The plot bothered me mostly because it reminded me way too much of the X-Men. Juliette could easily have been Juliette. The only other things I can say is that it has so many parallels to X-Men that it made my head spin, and made me a little annoyed, to say the least. Had Mafi just had Juliette, I would have been fine. Had that been the only parallel, I would have just gone with it. But there were so many that all it did was bother me.

There was also the matter of the cheesiness of Adam and their relationship. I can’t deny that it made me happy. I won’t deny that it made my toes curl a little. I definitely won’t say that I did not let out a very unlady-like squeal and a soft awww while I was reading. I will however say that it annoyed me that there was no variety in their relationship. Everything was sunshine and roses. She never once thought that it was odd, or that he was a little too perfect. And it really bothered me that he was so perfect. I could not find a single flaw with Adam, nothing to make him seem human. I liked him, because he was so adorable, but I was wondering when the perfect persona would end. I kept expecting there to be some kind of flaw with him, or something that made him human, and I couldn’t find it. I wanted him to be human, and it annoyed me, to no end, that he was absolutely flawless.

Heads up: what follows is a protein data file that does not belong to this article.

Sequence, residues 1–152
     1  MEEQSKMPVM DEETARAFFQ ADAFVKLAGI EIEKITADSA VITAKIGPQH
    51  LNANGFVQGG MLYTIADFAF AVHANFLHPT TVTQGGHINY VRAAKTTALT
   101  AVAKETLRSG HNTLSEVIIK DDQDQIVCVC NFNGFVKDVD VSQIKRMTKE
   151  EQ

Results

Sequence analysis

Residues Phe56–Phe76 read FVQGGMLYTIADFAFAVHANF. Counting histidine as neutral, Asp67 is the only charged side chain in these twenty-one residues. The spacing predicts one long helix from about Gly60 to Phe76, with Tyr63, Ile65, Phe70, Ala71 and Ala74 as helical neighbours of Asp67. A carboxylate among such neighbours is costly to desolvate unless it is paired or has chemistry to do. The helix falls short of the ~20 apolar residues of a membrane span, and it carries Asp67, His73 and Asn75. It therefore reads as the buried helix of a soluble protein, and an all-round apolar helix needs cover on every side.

I did, however, really like Warner. Weird thing to say, considering how creepy and cruel he was. But there were times I felt bad for him. And I think that that may have been the purpose of his character: an absolutely evil person, who is ridiculously selfish, and only has power on his mind, is someone you can feel bad for. (Obviously I couldn’t tell you if Mafi intended for the reader to feel this way; I’m not a mind reader). It didn’t justify his actions; I still hated him most of the time, and I found him repulsive. But I liked that I felt that way. Had he been a genuinely like-able character, I wouldn’t have continued reading. I wouldn’t have wanted him to die so badly (not a spoiler! Just a feeling). But I liked that I still felt bad, and even sympathized with him at times. That’s what a villain should be like; almost entirely evil, misguided, and screwed up, but who you can still sympathize with or recognize that they’re still human. All Warner wanted was for someone to love him, to feel like he belonged.